Source: Tech Dirt
Techdirt has run a number of articles about the ITU's World Conference on International Telecommunications (WCIT) currently taking place in Dubai. One of the concerns is that decisions taken there may make the Internet less a medium that can be used to enhance personal freedom than a tool for state surveillance and oppression.
Against that background, a story published by the Center for Democracy & Technology about the ITU's work in the area of standards takes on an extra significance: The new Y.2770 standard is entitled "Requirements for deep packet inspection in Next Generation Networks", and seeks to define an international standard for deep packet inspection (DPI). As the Center for Democracy & Technology points out, it is thoroughgoing in its desire to specify technologies that can be used to spy on people: One of the big issues surrounding WCIT and the ITU has been the lack of transparency -- or even understanding what real transparency might be. So it will comes as no surprise that the new DPI standard was negotiated behind closed doors, with no drafts being made available.
But probably most worrying is the following aspect: This apparent indifference to the wider implications of its work is yet another reason why the ITU is unfit to determine any aspect of something with as much power to affect people's lives as the Internet.
Several global standards bodies, including the IETF and W3C, have launched initiatives to incorporate privacy considerations into their work. In fact, the IETF has long had a policy of not considering technical requirements for wiretapping in its work, taking the seemingly opposite approach to the ITU-T DPI document, as Germany pointed out [doc] in voicing its opposition to the ITU-T standard earlier this year. The ITU-T standard barely acknowledges that DPI has privacy implications, let alone does it provide a thorough analysis of how the potential privacy threats associated with the technology might be mitigated.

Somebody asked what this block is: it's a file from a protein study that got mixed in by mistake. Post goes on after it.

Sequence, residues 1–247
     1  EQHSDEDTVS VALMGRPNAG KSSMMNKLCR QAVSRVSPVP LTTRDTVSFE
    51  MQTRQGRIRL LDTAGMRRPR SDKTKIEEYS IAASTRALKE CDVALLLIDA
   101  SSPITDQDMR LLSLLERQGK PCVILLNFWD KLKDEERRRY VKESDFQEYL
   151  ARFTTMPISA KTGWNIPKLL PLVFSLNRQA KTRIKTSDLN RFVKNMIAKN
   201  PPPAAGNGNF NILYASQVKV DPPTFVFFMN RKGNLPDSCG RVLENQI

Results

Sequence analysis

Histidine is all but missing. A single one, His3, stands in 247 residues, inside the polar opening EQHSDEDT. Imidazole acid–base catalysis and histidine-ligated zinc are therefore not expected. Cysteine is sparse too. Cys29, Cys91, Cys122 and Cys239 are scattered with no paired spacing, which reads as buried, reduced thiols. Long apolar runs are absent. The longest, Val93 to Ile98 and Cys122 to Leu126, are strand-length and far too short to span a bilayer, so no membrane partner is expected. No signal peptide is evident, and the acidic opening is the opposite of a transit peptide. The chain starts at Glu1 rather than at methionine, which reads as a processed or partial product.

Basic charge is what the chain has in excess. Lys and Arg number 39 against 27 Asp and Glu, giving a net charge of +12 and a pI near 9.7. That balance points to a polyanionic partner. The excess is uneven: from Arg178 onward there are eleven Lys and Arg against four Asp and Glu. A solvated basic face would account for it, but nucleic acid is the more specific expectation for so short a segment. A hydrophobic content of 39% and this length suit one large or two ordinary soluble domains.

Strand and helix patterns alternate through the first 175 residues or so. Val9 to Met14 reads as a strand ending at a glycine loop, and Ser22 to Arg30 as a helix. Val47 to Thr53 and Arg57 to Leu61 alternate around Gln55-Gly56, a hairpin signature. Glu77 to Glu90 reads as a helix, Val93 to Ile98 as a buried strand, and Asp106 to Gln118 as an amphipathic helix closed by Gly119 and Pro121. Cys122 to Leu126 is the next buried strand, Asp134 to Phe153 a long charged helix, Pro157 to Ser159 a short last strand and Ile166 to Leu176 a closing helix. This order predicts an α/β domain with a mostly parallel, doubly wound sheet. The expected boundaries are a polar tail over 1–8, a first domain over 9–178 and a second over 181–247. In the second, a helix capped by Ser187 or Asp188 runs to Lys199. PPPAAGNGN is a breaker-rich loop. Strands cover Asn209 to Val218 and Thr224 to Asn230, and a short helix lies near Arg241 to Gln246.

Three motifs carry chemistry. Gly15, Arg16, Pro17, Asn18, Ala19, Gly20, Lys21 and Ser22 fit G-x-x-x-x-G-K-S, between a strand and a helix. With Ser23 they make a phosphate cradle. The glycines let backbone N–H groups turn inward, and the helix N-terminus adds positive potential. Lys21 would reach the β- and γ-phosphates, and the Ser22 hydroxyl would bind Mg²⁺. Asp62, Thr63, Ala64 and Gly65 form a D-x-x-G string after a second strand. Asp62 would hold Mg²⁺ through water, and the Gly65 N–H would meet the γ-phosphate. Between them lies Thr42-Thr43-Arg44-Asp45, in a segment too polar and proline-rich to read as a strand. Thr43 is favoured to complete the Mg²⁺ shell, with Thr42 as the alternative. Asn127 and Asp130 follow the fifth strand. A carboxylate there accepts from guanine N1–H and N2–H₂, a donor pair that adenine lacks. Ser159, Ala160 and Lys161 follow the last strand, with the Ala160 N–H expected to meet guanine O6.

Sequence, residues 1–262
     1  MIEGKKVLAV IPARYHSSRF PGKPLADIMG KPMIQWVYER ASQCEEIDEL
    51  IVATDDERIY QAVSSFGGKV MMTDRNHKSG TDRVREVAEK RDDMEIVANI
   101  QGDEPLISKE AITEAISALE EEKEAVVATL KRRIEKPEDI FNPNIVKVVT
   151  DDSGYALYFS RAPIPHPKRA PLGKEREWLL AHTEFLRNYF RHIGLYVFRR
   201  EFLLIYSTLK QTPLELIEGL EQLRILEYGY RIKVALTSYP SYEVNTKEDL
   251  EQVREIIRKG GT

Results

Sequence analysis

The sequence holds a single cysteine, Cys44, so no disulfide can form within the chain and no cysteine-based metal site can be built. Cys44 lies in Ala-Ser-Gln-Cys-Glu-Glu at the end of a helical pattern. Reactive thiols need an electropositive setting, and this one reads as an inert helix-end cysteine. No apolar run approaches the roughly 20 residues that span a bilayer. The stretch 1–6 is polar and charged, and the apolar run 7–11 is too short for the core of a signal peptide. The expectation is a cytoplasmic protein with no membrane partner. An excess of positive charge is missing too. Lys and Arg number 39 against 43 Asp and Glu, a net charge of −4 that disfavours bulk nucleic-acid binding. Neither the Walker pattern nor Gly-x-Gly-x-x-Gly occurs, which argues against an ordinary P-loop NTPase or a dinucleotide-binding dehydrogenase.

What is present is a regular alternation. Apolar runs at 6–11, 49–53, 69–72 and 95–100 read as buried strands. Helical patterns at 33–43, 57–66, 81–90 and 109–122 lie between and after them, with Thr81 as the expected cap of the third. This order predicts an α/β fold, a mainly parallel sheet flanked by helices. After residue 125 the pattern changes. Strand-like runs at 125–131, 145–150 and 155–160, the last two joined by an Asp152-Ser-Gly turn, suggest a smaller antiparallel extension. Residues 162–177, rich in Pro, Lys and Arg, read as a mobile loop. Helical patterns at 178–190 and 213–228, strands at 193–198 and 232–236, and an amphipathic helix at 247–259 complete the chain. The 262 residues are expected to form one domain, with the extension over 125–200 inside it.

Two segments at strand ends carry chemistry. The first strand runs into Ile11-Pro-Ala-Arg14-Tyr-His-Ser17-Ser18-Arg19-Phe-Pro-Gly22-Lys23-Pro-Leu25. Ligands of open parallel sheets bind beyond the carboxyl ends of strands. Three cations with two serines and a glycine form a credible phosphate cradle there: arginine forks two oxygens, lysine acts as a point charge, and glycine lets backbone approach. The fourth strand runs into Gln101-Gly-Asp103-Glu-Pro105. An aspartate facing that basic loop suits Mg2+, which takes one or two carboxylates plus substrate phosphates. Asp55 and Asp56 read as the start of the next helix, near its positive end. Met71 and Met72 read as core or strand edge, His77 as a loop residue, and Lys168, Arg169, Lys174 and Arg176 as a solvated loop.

The telecommunications standards arm of the U.N. has quietly endorsed the standardization of technologies that could give governments and companies the ability to sift through all of an Internet user's traffic -- including emails, banking transactions, and voice calls -- without adequate privacy safeguards. The move suggests that some governments hope for a world where even encrypted communications may not be safe from prying eyes.
The ITU-T DPI standard holds very little in reserve when it comes to privacy invasion. For example, the document optionally requires DPI systems to support inspection of encrypted traffic "in case of a local availability of the used encryption key(s)." It's not entirely clear under what circumstances ISPs might have access to such keys, but in any event the very notion of decrypting the users' traffic (quite possibly against their will) is antithetical to most norms, policies, and laws concerning privacy of communications.
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